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Unite or Die Snake


Last updated: September 2022



Cribbage is traditionally supposed to have evolved during the 17th Century from an earlier game Noddy. Generally is a two player game, partnerships of two can also be played.  In the 18th Century, cribbage was played with 5 cards, as opposed to the 6 cards overwhelmingly played today & there are minor differences in the rules. The object of the game is to be the first to score 61 points accumulated over several deals. Points are scored mainly for combinations of cards either occurring during the play or occurring in a player’s hand or in the cards discarded before the play, which form the “crib”.

Two players (or two partnerships of 2) use a standard 52 card pack. Cards rank K (high) Q Kn 10 9 8 7 6 5 4 3 2 A (low). Points are recorded using pegs on a board with two sets of 61 holes. The holes in the board represent a player’s score from 1 to 61. Each player has two pegs: the forward peg shows the player's score to date, & the rear peg shows the previous score. When a player scores points, the rear peg is moved in front to show the new score. The distance between the pegs shows the amount most recently scored, & the opponent can thereby check it has been scored correctly.

The game has several distinct steps:
The Deal
Discard to the Crib
The Play

The Deal:
Cut cards to determine who deals first. The player cutting the lower card deals, & the other player (the “pone”) immediately pegs 3 points for “last” as compensation. This is scored on the first deal only. Subsequently the turn to deal alternates.
The dealer shuffles & deals 5 cards to each player one at a time. The remainder of the pack is placed face down on the table. Note, as cribbage is considered a gentleman’s game, cutting the cards before the deal insinuates cheating & costs the offending party 2 points immediately.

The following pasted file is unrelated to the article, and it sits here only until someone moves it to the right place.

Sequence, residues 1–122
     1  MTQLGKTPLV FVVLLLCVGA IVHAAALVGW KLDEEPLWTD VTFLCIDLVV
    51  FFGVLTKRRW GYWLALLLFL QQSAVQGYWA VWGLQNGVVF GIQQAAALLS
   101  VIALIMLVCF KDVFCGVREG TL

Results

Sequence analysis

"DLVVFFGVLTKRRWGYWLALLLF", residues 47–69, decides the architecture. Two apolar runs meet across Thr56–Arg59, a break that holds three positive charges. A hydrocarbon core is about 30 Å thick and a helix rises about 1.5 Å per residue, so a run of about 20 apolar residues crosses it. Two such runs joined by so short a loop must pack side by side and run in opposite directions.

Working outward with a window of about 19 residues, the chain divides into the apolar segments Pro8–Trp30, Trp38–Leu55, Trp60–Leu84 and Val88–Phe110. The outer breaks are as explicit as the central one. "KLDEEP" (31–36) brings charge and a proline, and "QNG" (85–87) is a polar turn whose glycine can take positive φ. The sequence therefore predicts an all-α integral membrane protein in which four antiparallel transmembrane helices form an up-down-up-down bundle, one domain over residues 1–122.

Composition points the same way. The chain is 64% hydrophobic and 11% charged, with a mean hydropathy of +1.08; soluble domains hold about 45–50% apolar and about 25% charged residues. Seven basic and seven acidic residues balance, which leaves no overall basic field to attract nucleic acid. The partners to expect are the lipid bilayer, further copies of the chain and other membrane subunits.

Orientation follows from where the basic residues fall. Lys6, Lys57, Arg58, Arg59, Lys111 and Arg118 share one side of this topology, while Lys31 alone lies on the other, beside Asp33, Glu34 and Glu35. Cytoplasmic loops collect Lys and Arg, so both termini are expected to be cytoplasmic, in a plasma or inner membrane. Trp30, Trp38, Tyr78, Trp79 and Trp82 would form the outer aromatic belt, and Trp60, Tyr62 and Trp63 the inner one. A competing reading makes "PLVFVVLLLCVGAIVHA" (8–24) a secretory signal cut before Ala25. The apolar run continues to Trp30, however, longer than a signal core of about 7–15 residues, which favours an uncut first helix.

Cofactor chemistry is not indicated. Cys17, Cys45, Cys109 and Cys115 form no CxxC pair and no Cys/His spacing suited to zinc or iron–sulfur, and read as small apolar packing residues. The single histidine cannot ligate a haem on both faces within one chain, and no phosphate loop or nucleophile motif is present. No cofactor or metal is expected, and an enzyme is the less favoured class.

Discard to the Crib:
Each player discards two cards from his hand face down to form the “crib” of four cards. The crib is set aside until the end of the hand. Any card combinations in the crib will count for the dealer, so non-dealer will try to throw cards that are unlikely to make valuable combinations.

Start Card:
The Pone cuts the pack of un-dealt cards, lifting the upper part without showing its bottom card. The dealer takes out the top card of the lower part, turns it face up &, after the Pone replaces the upper part, places it face up on top of the pack as the “starter card”.  If the start card is a Jack, the dealer immediately pegs 2 points - this is called “two for his heels”.

The Play:
Starting with the Pone, the players take turns to play a single cards face up in front of themselves. In this stage of the game the total pip value of the cards played by both players must not exceed 31. The pip values of the cards are:
Ace = 1; 2 to 10 = face value; knave = 10; queen = 10; king = 10.

As each card is played, the player announces the running total. If a card is played which makes the pip total exactly 31, the player pegs two points. This ends the play.
A player who cannot play without exceeding 31 does not play a card but says "Go". If your opponent says “Go” then you may continues playing cards & scoring for any combinations you make (see below). If you bring the total to exactly 31 you score 2 points as above.
Play may end at a total lower than 31, either because both players have played all their cards or because all cards left in the players’ hands have pip values so high that they would take the total over 31 if played. In these cases whichever player was the last to play a card pegs 1 point for “last card” & ends the play.

Note: Players familiar with Six Card Cribbage will be used to carrying on playing until all the cards have been played, starting again at zero each time 31 is reached or both players say "Go". Five card cribbage is different: you only play up to 31 once & one or both players may have un played cards at the end of the play.

Scoring during the play:
A player who makes any of the following scores during the play pegs them immediately.
15:  If you play a card which brings the total to 15 you score two points (“Fifteen two”)